So rarely is Hollywood able to capture the electric magic of American summertime youth like fireflies in a mason jar. The closest a director has gotten over the last few years was J.J. Abrams who harkened back to a simpler time before the Internet and cell phones; a time when kids were kids and adults were nothing more than an irksome “Peanuts” trombone in the periphery. Now, over 20 years after his ganja-puffing cult classic “Dazed and Confused,” Richard Linklater has trapped the aforementioned lightning in a bottle once again with “Everybody Wants Some!!” a movie that’s all about transitions.
Set in August of 1980, the film follows a Texas college baseball team in the days leading up to the first day of classes. While celebrating their last few days of freedom, these guys, freshmen and upperclassmen alike, do whatever any self-respecting college student would do: get drunk, get stoned and get laid (in no particular order).
And just as they’re about to open a new chapter in their lives, so is the United States. In 1980, when Ronald Reagan was about to become president, disco had one foot in the grave and the Cold War was practically over. All the cynicism and political follies of the previous decade were over and it was time to begin anew. That’s the underlying philosophy of “Everybody Wants Some!!” This renaissance of fun and debauchery (in the same vein as the Van Halen tune from the same year) starts as soon as “My Sharona” blares over the soundtrack during the opening credits.
As with many of the movies he’s made over his career, Linklater’s latest is a tad meandering. It feels more like a loosely woven collection of scenarios that are never really tied together. And for a movie about a team of all-star college baseball players, there’s hardly any baseball. In a mediocre director’s hands this would be considered a shortcoming, but not for Linklater. With an ensemble cast of relatively unknown actors, he’s made “Brooo!! The Movie” that’s totally approachable. It never comes off as a douchey thing that could only appeal to frat guys.
Each character has his own specific personality and quirk, whether it’s Wyatt Russell’s token hippie pothead Willoughby, Glen Powell’s ridiculously suave ladies’ man or Juston Street’s hot-tempered oddball Jay. We enter this world through the eyes of Jake (Blake Jenner), a freshman and newcomer to the team, and it doesn’t take long for him to become another member of the posse or fall for the artsy major Beverly (Zoey Deutch).
“[The movie is] a subtle reminder to live in the now,” Jenner told The Triangle. “With everything around us, all the traffic … with Twitter and Facebook and just how connected everybody is, you forget about the moment right here, right now as the moment,” he continued.
There’s a rare authenticity to the camaraderie and humor that makes its way to the screen and it wasn’t just a happy accident of hormonal and sex-crazed monkeys writing Shakespeare. According to Street, the cast did a rehearsal process before filming at Linklater’s ranch where all the guys bonded for three weeks by sharing a room and one bathroom. Their friendship is genuine: you’ll actually care when they’re wing-manning each other at the local discotheque (groovily named The Sound Machine) or pranking one another in the locker room.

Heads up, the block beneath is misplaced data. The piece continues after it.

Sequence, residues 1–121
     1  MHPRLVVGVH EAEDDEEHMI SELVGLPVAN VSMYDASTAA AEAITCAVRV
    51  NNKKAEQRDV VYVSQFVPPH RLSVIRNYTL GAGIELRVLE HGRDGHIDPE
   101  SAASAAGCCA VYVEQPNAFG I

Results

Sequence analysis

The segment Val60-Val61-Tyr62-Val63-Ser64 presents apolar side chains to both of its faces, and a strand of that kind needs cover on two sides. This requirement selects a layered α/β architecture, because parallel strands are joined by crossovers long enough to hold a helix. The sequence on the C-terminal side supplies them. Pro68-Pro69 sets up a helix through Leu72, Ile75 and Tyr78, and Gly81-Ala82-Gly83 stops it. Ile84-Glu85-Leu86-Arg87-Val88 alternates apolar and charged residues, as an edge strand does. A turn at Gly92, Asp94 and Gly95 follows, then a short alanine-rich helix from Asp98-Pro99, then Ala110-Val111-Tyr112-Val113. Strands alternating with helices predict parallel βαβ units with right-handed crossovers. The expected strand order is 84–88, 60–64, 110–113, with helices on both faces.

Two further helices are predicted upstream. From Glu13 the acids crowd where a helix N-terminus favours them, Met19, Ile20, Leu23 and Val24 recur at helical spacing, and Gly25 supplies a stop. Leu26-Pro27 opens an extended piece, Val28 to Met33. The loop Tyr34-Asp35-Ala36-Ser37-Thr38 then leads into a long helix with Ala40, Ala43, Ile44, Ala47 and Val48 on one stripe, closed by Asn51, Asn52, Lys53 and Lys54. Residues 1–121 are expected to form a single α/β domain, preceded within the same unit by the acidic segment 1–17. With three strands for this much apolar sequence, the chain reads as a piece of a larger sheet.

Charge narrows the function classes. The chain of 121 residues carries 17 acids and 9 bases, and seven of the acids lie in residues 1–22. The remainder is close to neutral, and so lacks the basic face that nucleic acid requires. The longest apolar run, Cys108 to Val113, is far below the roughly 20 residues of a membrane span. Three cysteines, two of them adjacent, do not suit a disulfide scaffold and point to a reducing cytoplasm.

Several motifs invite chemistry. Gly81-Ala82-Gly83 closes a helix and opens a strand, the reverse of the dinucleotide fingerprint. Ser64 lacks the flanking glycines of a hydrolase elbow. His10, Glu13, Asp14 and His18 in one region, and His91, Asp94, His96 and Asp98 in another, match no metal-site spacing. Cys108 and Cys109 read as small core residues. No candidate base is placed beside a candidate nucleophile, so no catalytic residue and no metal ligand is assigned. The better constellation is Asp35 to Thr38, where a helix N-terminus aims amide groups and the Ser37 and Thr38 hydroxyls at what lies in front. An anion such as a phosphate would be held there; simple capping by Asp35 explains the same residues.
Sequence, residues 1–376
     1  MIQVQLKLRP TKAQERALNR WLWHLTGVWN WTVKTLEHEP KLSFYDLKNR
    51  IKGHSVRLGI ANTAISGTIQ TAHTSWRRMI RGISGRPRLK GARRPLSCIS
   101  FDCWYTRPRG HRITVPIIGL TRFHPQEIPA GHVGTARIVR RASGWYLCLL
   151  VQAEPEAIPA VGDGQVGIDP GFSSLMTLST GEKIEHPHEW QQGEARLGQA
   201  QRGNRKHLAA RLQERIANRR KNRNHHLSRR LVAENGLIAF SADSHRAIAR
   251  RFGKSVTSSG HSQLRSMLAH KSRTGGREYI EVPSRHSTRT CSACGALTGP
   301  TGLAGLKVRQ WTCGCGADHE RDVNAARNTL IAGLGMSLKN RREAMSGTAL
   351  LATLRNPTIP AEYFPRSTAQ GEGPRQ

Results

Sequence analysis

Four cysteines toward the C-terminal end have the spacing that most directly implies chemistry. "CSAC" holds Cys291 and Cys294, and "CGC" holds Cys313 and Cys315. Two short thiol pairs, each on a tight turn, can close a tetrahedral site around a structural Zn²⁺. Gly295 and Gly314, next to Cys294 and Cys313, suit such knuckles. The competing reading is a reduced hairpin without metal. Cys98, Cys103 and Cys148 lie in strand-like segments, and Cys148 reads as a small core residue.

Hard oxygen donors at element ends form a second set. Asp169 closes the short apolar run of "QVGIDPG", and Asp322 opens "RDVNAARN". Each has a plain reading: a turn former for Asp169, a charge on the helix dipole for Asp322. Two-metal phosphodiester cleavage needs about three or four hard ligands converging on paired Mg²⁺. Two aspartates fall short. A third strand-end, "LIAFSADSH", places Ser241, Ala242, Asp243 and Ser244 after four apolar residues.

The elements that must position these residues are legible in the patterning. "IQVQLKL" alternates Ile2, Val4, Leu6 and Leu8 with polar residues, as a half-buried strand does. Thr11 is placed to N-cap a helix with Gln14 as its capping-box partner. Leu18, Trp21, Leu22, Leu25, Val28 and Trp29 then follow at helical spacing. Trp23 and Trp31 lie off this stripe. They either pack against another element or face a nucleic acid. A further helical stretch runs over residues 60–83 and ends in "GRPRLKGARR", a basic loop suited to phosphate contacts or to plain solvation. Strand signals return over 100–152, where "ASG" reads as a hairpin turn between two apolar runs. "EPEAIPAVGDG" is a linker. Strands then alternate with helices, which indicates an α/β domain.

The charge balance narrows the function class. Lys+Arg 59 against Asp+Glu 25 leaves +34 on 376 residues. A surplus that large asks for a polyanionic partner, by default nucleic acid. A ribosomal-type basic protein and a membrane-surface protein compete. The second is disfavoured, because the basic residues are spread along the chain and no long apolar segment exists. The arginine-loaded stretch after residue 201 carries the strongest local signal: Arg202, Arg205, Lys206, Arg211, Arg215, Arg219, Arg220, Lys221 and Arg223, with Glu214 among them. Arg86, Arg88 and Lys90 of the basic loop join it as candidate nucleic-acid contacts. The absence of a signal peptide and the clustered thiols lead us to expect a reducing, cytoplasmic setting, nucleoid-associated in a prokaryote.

Cast member Tyler Hoechlin said his favorite part of being in the film was its social aspect.
“It was nice to be sitting in the disco club and not have any of the direction to any of the people in the background, any of the actors be like, ‘OK, at this point you’re on your cell phone and not paying attention to anything going on around you, which seems to happen all the time now,” Hoechlin said.
“I just loved living in that world for a little bit. It was nice just to have music going and people actually dancing and socializing and having a good time,” he continued.
After last year’s ambitious cinematic experiment that was “Boyhood,” Linklater returns to his humble roots with what the Paramount promotional material is calling a “spiritual sequel” to “Dazed.” However, according to the cast, this wasn’t the immediate intention of the director who they lovingly refer to as “Rick.”
“There was never any pressure there from [Rick] or any expectations to live up to ‘Dazed and Confused.’ he was telling an original story,” said J. Quinton Johnson, the youngest cast member. “I didn’t hear the words ‘Dazed and Confused’ uttered once on set,” co-star Wyatt Russell added, son of Kurt Russell and Goldie Hawn.
“When Rick does a movie, he does the movie for the experience of the movie and then leaves it where it belongs, which is behind, and you move on and you make another movie,” he continued.
When asked what they most enjoyed about bringing the 80s back to life, members of the cast said everything from the music (which includes hits from The Cars, Peaches & Herb, Blondie, Cheap Trick and The Sugar Hill Gang) to the clothes (short shorts and perms galore) to the attitudes of the times:
“In the 1980s everything wasn’t so PC and I mean that in the best way possible,” cast member Will Brittain said. “People weren’t looking to take offense. It was sort of a time period where everyone was sort of enjoying themselves and the people around them … From what Rick has told and what we’ve seen, it was one of those time periods where people were just a lot more easygoing,” he continued.
To quote the words of an easygoing character from this movie’s spiritual prequel, “Alright, alright, alright.”